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anonymous
 5 years ago
how do I graph y^2+4x=0 using the
(xh)^2=4p(yk)
anonymous
 5 years ago
how do I graph y^2+4x=0 using the (xh)^2=4p(yk)

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anonymous
 5 years ago
Best ResponseYou've already chosen the best response.0What do you mean exactly? Are you asking how you can put the first equation into the form you've seen for the second?

anonymous
 5 years ago
Best ResponseYou've already chosen the best response.0yes i need to graph it and find the focus the directrix and p

anonymous
 5 years ago
Best ResponseYou've already chosen the best response.0i would really appreciate the help I'm new haha

anonymous
 5 years ago
Best ResponseYou've already chosen the best response.0Okay, just a sec...doing multiple things at once ;)

anonymous
 5 years ago
Best ResponseYou've already chosen the best response.0Your first and second equations are both parabolas, but they're different. The second equation will look like ones you're used to, whereas the first will open up differently. \[y^2+4x=0 \rightarrow y^24x\](i.e. subtracting 4x from both sides) puts your parabola in a form where you can read off things like focus and directrix. I'll continue in a sec.

anonymous
 5 years ago
Best ResponseYou've already chosen the best response.0So, I made a mistake...great! It should be, \[y^2+4x=0 \rightarrow y^2=4x\]

anonymous
 5 years ago
Best ResponseYou've already chosen the best response.0Now, do me a favor and go to this website: www.wolframalpha.com and in the box at the beginning, type in: y^2+4x=0 Look at the graph and then come back. I'll continue with the focus and directrix.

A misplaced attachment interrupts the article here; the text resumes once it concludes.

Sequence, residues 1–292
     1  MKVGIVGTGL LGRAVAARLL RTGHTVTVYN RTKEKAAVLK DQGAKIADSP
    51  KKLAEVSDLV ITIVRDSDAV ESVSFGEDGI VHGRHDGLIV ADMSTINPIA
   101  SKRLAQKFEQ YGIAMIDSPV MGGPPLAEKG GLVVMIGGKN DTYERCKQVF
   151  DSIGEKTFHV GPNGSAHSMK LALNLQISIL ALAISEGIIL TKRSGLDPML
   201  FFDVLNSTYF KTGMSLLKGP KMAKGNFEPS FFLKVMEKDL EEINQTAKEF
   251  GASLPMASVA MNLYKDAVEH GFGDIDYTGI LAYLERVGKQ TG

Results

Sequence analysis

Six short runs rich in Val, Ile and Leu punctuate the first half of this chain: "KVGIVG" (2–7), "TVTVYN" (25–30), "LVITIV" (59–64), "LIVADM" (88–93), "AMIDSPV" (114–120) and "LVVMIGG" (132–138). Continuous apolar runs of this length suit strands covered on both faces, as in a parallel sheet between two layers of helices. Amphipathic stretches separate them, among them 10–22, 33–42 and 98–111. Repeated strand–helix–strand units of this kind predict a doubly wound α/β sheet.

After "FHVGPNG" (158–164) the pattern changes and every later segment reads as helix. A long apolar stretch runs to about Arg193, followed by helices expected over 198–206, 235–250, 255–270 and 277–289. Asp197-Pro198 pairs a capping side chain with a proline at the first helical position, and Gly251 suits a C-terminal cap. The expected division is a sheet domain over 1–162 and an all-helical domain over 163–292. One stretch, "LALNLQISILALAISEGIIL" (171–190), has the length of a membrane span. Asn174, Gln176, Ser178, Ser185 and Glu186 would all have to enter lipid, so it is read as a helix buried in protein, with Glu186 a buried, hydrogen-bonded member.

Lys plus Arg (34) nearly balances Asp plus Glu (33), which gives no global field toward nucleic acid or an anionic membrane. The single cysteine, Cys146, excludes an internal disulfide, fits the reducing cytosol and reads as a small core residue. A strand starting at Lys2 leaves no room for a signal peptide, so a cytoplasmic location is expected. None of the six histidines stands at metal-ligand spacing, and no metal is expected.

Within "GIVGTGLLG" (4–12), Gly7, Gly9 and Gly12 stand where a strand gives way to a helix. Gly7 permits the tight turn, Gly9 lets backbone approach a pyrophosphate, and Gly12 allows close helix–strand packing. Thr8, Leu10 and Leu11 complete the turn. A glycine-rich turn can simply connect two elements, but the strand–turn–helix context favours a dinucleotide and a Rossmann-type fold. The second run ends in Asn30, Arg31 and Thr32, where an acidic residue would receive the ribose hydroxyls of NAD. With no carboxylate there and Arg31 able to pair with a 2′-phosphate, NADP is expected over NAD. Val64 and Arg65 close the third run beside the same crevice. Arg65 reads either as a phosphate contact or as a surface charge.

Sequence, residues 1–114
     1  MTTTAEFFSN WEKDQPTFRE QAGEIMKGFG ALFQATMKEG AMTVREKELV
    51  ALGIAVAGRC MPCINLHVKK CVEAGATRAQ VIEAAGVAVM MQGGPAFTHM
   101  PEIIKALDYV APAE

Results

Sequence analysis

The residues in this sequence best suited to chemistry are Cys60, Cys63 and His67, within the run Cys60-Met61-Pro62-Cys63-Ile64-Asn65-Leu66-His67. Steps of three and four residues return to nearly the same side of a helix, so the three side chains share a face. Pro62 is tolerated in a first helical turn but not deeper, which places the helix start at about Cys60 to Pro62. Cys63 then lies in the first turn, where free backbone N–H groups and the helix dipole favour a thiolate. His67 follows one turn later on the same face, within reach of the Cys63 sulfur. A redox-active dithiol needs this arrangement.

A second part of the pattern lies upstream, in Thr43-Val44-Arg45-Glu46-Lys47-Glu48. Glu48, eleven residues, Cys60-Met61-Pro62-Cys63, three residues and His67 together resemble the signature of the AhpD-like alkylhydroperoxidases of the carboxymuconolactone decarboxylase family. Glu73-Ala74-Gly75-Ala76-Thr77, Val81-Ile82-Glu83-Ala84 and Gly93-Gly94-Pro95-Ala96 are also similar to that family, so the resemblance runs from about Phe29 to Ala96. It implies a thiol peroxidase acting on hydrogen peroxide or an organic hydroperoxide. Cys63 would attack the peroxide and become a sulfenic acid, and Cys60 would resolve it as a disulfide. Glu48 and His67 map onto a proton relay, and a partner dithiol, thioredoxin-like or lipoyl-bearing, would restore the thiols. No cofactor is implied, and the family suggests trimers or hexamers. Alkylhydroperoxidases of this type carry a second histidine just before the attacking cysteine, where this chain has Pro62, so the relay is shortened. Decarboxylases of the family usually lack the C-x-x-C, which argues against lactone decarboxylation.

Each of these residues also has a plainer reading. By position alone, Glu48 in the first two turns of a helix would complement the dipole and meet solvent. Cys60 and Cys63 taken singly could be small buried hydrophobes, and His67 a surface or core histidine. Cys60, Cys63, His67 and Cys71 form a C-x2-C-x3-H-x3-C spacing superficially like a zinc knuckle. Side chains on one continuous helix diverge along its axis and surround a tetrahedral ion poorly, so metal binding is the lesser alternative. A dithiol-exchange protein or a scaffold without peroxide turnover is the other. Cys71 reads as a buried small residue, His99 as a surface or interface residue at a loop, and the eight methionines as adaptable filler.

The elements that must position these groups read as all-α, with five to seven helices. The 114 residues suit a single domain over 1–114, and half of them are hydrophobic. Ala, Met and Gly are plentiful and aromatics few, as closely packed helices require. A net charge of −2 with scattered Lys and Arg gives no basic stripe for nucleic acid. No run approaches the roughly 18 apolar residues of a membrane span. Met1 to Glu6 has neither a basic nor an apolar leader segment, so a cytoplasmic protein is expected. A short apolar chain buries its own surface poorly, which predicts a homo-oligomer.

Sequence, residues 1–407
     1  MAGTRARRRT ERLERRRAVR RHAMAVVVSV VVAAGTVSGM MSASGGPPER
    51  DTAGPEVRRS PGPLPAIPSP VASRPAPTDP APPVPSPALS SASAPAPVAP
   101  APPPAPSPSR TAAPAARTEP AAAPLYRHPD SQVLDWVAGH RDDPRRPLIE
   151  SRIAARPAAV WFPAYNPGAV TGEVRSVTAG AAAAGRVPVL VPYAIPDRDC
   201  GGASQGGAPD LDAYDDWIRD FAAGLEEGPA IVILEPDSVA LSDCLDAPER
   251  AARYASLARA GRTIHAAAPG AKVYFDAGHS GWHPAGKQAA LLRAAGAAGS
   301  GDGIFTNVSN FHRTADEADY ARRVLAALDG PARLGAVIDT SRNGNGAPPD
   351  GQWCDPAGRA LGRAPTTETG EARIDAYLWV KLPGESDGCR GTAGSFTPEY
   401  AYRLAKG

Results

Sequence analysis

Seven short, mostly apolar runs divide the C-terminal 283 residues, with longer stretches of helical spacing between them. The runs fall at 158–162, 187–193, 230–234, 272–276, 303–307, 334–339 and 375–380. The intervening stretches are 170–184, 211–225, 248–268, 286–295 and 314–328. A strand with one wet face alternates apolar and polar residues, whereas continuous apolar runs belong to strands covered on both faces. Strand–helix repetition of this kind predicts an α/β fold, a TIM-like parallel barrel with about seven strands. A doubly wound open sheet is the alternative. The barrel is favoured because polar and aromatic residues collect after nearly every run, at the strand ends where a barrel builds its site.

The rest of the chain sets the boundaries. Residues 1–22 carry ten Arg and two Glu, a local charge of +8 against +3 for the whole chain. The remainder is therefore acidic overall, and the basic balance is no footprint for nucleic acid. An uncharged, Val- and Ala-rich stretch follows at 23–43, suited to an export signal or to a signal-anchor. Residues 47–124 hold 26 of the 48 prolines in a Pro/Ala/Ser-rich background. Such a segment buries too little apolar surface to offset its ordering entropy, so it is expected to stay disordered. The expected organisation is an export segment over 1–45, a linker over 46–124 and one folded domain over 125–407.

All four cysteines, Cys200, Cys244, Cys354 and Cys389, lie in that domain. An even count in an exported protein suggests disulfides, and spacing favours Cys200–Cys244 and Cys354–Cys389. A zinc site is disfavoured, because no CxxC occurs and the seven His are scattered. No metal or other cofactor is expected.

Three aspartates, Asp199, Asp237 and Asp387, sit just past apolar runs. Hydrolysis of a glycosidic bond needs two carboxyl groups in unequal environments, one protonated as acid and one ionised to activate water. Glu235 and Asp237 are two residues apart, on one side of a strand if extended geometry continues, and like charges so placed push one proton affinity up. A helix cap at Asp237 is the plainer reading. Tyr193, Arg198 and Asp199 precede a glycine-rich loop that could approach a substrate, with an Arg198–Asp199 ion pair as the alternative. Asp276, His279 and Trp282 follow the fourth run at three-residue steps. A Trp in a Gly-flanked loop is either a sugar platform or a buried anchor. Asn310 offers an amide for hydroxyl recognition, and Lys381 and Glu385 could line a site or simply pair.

anonymous
 5 years ago
Best ResponseYou've already chosen the best response.0i think its suppose to be x= y^2/4(1)

anonymous
 5 years ago
Best ResponseYou've already chosen the best response.0because the focus is (1,0) and the directirx is (1,0)

anonymous
 5 years ago
Best ResponseYou've already chosen the best response.0but thank u for your help soo much it was lovely ;)

anonymous
 5 years ago
Best ResponseYou've already chosen the best response.0The parabola you have is one that opens on its side. The form of this kind of parabola is\[(yk)^2=4a(xh)\]where a is your focus and (h,k) is the vertex. In your case, both h and k are zero, and if you compare the form with your equation, you'll see,\[y^2=4ax \rightarrow a=1\] so your focus is at (1,0) and directrix (1,0)

anonymous
 5 years ago
Best ResponseYou've already chosen the best response.0hmm you have given me a lot to think about you have the opposite opinion of someone else i asked hmm ok ty :)

anonymous
 5 years ago
Best ResponseYou've already chosen the best response.0You're welcome. Your equation above, x=y^2/4(1) is the same as what I gave you...just looks different.

anonymous
 5 years ago
Best ResponseYou've already chosen the best response.0thank you so much i really appreciate it :D
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